It has taken a whole community – not just the people of St. Matthew’s but also the people of St. Augustine’s of Canterbury who came alongside us in the sponsorship; the people of St Paul’s, Minden who faithfully sent the proceeds of their Thrift Shop every month for a full year; the people of the neighbourhood around St. Matthew’s who gave clothes and furniture and grocery coupons in the early days; a dentist who lives across the street and did hours of dental work for the family – even surgery – at no charge. There is still a great deal to do, but one year later they are beginning to feel settled.

All of them are speaking English with some ease now; Marika is fluent and Tereza, after a year at Toronto’s Armenian Orthodox school, speaks at age five Armenian and Arabic, and English without any accent at all – or rather, sounding completely Canadian! We are happy today, because it is a real Canadian day.

As we have shared many joys – often simple ones: a cup of tea together; discovering new foods; Narod learning to walk; Tereza proudly counting in English – as we have shared many joys, so we have shared some of their sorrows.

The war has cost them a great deal: the factory they owned and operated; the new home Aroush and Marika had just built; the summer house by the sea where Aroush and his mother and sister and brother spent the long summer months, making apple syrup from the apples that grew in the garden. One day ISIS walked into the village and commandeered all the houses; the people fled.

Hardest of all to bear, the family left behind a young brother alone in Lebanon, and a sister who stayed in Aleppo with her husband and son to take care of his elderly parents. They talk to her when they can, when there is enough electricity for her to charge her phone, and pray for her as she lives in the midst of chaos, trying to teach school as bombs fall all around, often without running water and electricity. Their care for their family in Syria and Lebanon is a grief they carry with them every day. They long to be re-united. They grieve but they do not complain, and they delight in new friendships here and press home-baked olive buns into our hands.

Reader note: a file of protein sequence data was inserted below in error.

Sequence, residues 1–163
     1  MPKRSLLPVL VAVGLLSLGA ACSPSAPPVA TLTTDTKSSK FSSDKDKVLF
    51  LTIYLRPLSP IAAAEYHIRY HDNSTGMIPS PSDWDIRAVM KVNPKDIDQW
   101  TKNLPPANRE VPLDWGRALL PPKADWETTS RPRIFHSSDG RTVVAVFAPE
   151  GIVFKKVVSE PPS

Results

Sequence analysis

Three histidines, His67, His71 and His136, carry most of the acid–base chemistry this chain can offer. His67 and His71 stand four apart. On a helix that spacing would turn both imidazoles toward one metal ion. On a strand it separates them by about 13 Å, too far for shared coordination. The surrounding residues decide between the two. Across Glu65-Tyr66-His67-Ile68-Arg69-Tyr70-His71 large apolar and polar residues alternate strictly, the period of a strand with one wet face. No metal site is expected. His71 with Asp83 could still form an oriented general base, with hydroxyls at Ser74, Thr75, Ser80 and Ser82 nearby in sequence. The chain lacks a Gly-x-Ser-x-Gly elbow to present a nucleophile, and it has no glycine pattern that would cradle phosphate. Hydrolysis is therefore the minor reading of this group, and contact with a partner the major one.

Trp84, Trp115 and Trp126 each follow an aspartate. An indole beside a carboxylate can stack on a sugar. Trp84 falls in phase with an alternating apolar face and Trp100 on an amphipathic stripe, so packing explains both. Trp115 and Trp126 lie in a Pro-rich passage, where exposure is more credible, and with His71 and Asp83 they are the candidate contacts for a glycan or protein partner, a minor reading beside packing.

Aroush drives Uber now (and is, he tells us, meeting Canadians more colourful, or at least less sober, than we are) and has opened an after-school café in the Armenian Orthodox school complex. He sells snacks and their own home-baked Armenian food and has learned how to make “Canadian coffee” (a pale imitation of the real Syrian thing – they are rather perplexed by its popularity here). Marika is enrolled in a full-time college prep program, studying math, computer science and English in preparation for a college degree. The girls are growing; Tereza is taking swimming lessons and skating lessons; Narod likes to say “hi” and “bye” with a wave. There is still a long way to go, and financial challenges loom with the end of funding in the 13th month.

But it is thanksgiving that is their theme. Ձեռքերուդ Դալար: tzerkerut talar, they taught us to say: “May your hands be green.” The Armenian people have many words for “thank-you”; they find our language rather bare. This family has shown us why: because they rejoice always, even in the dark times and places, and their word is “thank-you,” again and again.

Aroush and Marika, Tereza and Narod, Mother Terez: for your courage and your warmth, your generosity and your laughter, for the way you have shared your hearts with us, thank you. May your hands be green.   TAP

The Rev. Catherine Sider Hamilton is Priest-in-Charge at St Matthew’s Riverdale in Toronto and Assistant Professor in New Testament and Greek at Wycliffe College.